Cirque du Soleil-type show – Everyone except my two girls really wanted to see this, which I found strange because we saw the real Cirque du Soleil when it was in town last year and they both liked it (goes to show how dramatically worse her sensory issues have gotten during the past year.)  Thankfully my husband’s cousins met up with us for the day and they happily took my girls over to the kids’ area so that we could see the show.

Shamu’s Happy Harbor – she had a blast here!  Yet another chance to get soaking wet while fully clothed! I think this was the most fun she had all week.  5+ stars!

Shark exhibit – I tried this with her, but it was another disaster.  Soon after we got inside I had to swoop her up and race for the exit.  She enjoyed looking at the rays in the outside tank though!  Inside – 0 stars; outside – 3 stars.

(Side note from me regarding MS and Disney/Orlando: Seaworld was far more difficult for me than the other days.  I’m not sure if it’s because it was our last destination and that I was tired or if it was because of the heat.  Seaworld definitely does not have the amount of shade that Disney locations have.  There are stretches of walkway that are in the blazing hot sun.  I was wiped out.)

Disney Trip in General:

We’re still having no luck with potty training.  It’s going very poorly.  She used the potty about 10% of the time during vacation, which is actually an improvement.  She would only use the potty when we were out and about, not at the rental house.  It was kind of like being at home.  She won’t use it here, but wants to check out bathrooms in other places.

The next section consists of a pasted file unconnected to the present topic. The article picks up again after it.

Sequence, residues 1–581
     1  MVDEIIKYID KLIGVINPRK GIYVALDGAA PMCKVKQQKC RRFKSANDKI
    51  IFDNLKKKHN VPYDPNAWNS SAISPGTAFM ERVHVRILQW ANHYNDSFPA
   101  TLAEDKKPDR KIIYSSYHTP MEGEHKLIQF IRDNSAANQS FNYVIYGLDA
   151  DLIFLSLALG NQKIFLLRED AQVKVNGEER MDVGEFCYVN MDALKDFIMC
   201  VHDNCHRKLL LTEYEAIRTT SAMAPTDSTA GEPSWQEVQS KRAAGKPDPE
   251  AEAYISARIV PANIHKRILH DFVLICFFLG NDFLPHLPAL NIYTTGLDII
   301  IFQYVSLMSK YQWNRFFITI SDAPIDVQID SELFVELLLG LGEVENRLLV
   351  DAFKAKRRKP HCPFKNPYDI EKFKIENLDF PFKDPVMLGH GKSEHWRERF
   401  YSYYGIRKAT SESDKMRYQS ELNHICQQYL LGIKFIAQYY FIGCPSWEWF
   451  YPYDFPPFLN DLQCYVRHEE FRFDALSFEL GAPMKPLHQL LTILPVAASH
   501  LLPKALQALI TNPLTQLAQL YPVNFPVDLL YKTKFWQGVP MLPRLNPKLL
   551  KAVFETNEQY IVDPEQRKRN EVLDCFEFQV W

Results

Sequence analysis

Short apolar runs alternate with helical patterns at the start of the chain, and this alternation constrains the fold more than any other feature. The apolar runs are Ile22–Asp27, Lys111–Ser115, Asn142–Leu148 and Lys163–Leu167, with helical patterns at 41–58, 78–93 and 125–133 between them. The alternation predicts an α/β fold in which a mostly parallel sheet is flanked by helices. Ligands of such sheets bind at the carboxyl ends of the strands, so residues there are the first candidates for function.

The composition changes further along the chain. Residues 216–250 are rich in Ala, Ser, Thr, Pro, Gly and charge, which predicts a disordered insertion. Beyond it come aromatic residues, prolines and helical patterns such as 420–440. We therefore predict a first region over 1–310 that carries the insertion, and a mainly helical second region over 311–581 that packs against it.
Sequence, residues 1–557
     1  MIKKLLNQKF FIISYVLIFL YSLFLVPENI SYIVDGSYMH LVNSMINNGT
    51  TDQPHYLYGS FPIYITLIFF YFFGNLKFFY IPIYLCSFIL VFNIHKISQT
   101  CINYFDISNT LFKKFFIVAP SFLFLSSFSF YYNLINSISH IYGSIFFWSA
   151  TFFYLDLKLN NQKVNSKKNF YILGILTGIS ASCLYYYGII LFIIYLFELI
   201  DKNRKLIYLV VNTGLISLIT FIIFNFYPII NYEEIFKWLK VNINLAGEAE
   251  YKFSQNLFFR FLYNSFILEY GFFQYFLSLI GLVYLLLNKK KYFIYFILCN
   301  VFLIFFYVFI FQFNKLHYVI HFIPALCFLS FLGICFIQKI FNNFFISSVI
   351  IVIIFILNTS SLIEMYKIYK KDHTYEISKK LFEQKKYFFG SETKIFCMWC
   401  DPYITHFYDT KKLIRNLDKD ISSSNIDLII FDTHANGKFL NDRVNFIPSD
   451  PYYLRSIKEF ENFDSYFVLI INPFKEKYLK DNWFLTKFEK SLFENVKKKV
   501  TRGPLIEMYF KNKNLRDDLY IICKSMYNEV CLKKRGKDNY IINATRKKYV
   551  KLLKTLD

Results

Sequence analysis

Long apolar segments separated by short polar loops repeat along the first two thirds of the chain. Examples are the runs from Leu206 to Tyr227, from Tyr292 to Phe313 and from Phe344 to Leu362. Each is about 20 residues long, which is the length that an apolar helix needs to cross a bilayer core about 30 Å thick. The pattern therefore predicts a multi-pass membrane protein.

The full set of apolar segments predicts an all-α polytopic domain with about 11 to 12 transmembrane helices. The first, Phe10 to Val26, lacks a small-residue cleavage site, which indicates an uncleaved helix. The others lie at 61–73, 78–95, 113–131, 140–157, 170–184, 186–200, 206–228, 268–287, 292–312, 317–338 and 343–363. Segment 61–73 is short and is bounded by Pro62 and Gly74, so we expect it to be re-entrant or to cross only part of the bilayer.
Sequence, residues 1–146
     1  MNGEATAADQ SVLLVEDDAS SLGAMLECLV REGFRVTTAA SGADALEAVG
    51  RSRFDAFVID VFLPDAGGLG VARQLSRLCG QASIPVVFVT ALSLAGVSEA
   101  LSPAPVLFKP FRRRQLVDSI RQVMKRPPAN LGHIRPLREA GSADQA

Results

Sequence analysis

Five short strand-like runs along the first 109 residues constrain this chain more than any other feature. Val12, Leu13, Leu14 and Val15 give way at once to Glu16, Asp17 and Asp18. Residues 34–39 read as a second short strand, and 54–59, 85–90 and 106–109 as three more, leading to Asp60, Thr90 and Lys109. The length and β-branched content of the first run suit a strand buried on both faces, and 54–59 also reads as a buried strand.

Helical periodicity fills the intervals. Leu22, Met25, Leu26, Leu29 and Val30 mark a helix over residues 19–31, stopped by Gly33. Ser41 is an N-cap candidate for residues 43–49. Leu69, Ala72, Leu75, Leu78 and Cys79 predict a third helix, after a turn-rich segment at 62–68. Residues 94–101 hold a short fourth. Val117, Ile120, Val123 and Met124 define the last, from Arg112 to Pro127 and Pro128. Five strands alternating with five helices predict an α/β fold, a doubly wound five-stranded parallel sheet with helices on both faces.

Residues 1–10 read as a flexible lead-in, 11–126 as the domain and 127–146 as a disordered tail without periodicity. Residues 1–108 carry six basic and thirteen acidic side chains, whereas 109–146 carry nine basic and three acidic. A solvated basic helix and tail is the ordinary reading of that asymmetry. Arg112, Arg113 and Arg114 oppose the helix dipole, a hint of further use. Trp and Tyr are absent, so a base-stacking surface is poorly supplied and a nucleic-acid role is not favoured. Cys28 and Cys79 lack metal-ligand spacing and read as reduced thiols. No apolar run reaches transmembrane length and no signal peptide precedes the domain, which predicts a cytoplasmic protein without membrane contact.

Although we had her DAFOs on, she fell a lot.  I was concerned that she’d be covered in black and blue marks when we got her back to school, but it wasn’t too bad.  She fell at the Honey I Shrunk the Kids playground and on the wet floor in the Sea World café.  She also fell off her bed (while awake and just playing) at least 3 times.

I think her favorite part of the trip, aside from Dumbo and It’s a Small World, was the pool at the rental house.  The house had swimmies which made her feel safe and people took turns holding her.  She got cold easily, so she went back and forth between the pool and the hot tub.  While I love being in the water, this part was hard for me.  The pool was too cold, so I generally stayed in the hot tub, which eventually got too hot and aggravated my MS symptoms.  She and I both have a hard time regulating body temperatures.

She generally didn’t eat well the entire vacation.  The exception was a large chocolate chip cookie we got at the bakery in Epcot’s Norway, which she devoured! She was also quite quiet the whole trip. She finally started talking a lot the last day when she knew we were coming home!

Surprisingly she did really well with flying!  On the way there she had an aisle seat and was really excited to have the window for the way home.  Unlike Big Sister who demanded the window seat on the way there, but rarely ever looked out the window, Little Sister seemed to be fascinated and looked out often.  Unfortunately, she also flooded her pull-up on the flight back and had a noticeably soaked bottom when she stood up.  We made her carry her backpack to try to cover her backside, which is when she started to throw a fit.  By the time we got to baggage claim, she had the hugest tantrum I’d ever seen.  She was spitting, hitting, screaming, crying – you name it, she was doing it.  This lead to her being grounded for the first time.  We took away all screen time (e.g., TV, computer) for the rest of the day and until noon the following day, on the condition that she had to keep her pull-up dry all morning and start using the potty.  (Potty training is still a disaster, but that’s something for a different post.)